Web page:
News : Jaguar C-X17 teased pre-Frankfurt

Keith Adams

Jaguar C-X17

It’s the worst kept secret in the industry – and now we have official confirmation that Jaguar will be revealing its all-important crossover at the Frankfurt Motor Show. In true modern-day car launch style, this is the start of the drip-feed in the lead-up to the moment the covers come off on the motor show stand in a few days’ time.

The C-X17 is an important step in the development of the Jaguar marque. Currently, within the JLR stable, it’s Land Rover that’s doing the volume, with a fresh range that of cars that people actually want to buy. Hopefully, the new crossover will help readdress the balance, attacking one of the fastest growing sectors of the market, currently dominated by the Audi Q5, BMW X3 and Range Rover Evoque. Jaguar’s entrant in this market will undoubtedly be pitched as a sporting challenger, with a very different set of qualities to those of its in-house counterpart, the Evoque.

Interestingly, Jaguar has confirmed that the C-X17 will be underpinned by the company’s new ‘highly-advanced, modular aluminium architecture’. Given that Jaguar has yet to truly capitalise on its current and previous aluminium products (the XJ), we can expect to see more being made of this in the coming months. It’s also a even money bet that the long-awaited 3-Series rival will be spun from this, as well as the replacement for the XF, which is still around four years (and one upcoming facelift) away.

No doubt, we’ll learn more about the crossover C-X17 in the coming days – but the word from the inside is that the production version won’t hit the showrooms until 2016, which we hope won’t be too late to really capitalise on the potential of growing markets in the East.

Keith Adams


  1. Unsurprisingly, to most people an FD Cortina and Mk III Victor look ‘a bit similar’. Car designed to fit small SUV segment looks like popular small SUV shocker.

    Though how you can tell anything from that other than “it’s got haunches and F-type-esque rear lights” is beyond me!

  2. I am sure it will sell especially in the Middle East, Far East and the USA, providing it is priced to sell. The Germans are good at capturing the £25 – £35k market for themselves. Jaguar has yet to crack this even with XF. Lets hope the new architecture can spawn a 4 seat convertible, coupe, tourer, SUV, 5 door and 4 door saloon to take on 3 series and sell 250,000 units a year. The X Type never made it despite being priced to sell and being very reliable. Did not attract the Audi Driver. This new range needs to do just that.

  3. @2 Yes, unsurprisingly…

    But why release a teaser shot where the only recognisable thing (to ‘most people’) is the Jaguar badge? Surely there are other styling cues they could have exploited to make this car look new & different. Which is presumably the point of the whole thing.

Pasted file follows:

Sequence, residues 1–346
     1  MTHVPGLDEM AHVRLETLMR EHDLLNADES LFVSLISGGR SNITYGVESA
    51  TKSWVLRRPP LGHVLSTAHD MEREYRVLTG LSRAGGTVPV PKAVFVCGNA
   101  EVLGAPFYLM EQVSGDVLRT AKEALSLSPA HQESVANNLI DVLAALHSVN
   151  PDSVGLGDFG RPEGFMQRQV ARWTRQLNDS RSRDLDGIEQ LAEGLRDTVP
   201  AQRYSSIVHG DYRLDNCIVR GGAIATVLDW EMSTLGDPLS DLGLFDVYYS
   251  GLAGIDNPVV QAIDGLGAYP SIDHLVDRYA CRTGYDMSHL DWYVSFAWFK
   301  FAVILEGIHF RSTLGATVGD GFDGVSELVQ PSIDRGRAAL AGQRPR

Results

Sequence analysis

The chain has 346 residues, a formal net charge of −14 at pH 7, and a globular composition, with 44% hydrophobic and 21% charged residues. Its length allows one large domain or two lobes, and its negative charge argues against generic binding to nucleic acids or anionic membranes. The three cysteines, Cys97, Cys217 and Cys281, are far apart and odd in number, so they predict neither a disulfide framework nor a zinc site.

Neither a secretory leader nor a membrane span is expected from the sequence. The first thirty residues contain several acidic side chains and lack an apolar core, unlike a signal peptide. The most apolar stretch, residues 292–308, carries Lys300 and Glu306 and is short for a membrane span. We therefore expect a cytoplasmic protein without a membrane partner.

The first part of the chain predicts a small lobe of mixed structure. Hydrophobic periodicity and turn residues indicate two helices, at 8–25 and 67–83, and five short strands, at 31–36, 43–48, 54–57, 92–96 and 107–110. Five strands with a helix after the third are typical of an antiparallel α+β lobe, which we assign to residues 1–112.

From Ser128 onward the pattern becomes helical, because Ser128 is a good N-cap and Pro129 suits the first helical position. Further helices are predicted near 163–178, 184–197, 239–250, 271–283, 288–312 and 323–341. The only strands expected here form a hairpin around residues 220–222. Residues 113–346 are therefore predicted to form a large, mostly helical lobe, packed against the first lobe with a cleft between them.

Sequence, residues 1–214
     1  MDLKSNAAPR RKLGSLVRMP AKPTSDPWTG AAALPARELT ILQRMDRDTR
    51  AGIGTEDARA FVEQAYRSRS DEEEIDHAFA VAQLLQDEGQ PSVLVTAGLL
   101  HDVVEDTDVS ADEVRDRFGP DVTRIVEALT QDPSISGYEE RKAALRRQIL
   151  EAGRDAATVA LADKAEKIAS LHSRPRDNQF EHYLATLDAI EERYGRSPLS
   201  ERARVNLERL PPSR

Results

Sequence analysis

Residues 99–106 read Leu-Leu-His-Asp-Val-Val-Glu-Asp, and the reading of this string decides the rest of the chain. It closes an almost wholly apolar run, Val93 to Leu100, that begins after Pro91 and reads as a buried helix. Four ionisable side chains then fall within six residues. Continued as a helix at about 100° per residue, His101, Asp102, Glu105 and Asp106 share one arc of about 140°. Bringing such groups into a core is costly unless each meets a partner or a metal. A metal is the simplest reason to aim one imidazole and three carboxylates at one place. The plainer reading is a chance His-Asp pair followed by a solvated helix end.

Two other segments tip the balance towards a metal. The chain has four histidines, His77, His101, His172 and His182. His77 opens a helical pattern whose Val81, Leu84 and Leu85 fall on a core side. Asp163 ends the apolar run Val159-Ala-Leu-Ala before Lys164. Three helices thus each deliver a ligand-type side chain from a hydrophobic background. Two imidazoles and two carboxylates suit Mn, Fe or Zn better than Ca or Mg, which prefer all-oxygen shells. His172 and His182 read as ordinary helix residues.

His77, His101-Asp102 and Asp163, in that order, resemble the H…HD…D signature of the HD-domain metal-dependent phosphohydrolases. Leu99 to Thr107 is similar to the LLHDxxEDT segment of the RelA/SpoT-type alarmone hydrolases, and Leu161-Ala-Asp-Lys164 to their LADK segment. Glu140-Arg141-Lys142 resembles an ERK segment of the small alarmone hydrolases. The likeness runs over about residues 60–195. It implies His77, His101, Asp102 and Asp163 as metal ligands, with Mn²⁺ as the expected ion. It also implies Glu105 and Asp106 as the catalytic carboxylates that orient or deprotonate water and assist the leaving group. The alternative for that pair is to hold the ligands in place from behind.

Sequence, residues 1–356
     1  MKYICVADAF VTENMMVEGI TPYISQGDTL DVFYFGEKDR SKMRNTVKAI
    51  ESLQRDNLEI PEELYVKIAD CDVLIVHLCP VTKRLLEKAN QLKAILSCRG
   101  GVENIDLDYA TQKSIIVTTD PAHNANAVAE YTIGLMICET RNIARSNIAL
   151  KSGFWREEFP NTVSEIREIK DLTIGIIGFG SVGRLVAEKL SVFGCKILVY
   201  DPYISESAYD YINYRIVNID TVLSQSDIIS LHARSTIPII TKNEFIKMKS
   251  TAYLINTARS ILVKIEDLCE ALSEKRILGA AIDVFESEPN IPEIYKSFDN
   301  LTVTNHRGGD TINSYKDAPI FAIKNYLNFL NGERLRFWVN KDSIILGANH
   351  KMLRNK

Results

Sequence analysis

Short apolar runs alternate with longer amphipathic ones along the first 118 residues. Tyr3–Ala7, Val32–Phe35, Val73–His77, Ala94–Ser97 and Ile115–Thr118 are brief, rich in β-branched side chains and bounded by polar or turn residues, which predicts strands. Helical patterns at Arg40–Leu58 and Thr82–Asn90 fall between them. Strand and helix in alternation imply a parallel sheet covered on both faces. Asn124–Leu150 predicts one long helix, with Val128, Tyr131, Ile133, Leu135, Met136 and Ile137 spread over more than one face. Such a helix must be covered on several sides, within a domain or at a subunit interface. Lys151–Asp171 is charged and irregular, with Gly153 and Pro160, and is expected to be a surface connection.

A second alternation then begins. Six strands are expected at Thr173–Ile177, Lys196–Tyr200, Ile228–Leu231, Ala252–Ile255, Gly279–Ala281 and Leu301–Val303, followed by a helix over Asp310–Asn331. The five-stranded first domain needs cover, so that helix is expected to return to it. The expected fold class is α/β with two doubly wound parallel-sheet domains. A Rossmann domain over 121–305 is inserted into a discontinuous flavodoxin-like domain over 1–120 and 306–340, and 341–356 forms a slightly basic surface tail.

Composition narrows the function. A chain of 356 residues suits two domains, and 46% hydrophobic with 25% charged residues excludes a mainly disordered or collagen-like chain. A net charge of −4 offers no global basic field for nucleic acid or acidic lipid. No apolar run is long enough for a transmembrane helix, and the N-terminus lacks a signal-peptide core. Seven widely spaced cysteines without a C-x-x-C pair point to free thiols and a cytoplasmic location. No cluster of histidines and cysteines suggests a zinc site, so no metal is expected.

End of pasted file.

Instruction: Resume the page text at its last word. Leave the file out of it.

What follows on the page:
4. That will sell well in the UK, never mind overseas markets.

    What’s interesting about this is how different it will be from the Evoque, with a completely different platform, with it’s RWD bias and longitudinal engine, rather than the transverse engined Freelander/Evoque chassis.

  5. Oh dear, I suppose this means we’re going to get that awful Alfa Romeo SUV thing too now. Since when did anyone need to sit in a small van all the time? When I was young families who needed space drive estate cars. Jaguar make a beautiful estate car. Once upon a time Alfa Romeo did too. I guess I’m just behind the times. I don’t see the point in HDTV either…….:D

  6. @6 I dont quite get what you mean by priced to sell, the Germans SUV’s whatever the price look the same until they get John Terry’d or Wayne Rooney’d by then you are well into the tosser zone.

    Put black wheels gold roof and mirrors on a specced up Evoque and it looks like nowt elseand you have parted with £44k but you are still in the tosser zone.

    These cars are not my bag,but i would like to think it will have taste and not 22″drug dealer rims on it come option and spence time.
    Im also not qualified to comment on “they are making cars what people want”.

  7. So it will be about the same size as an Evoque, compete in the same market but use completely different Architecture. British Leyland tried this approach with the Allegro and Marina.

  8. Looks stunning from what I can see, bet it’s a winner, can’t be any worse than those awful, tacky German Show-off-mobiles…

  9. I hope it does look stunning, the completely beautiful XJ is a car of envy, the XF is superb in all areas given that its platform is a aging Lincoln item,but that is no critisism in any way.

  10. @14: Overlap. Chances are, the NEXT Evoque will use the same platform as the Jaguar SUV, freeing it from Ford IP. Also allowing V6/V8 options. Four cylinder engine is the primary reason I wouldn’t have an Evoque.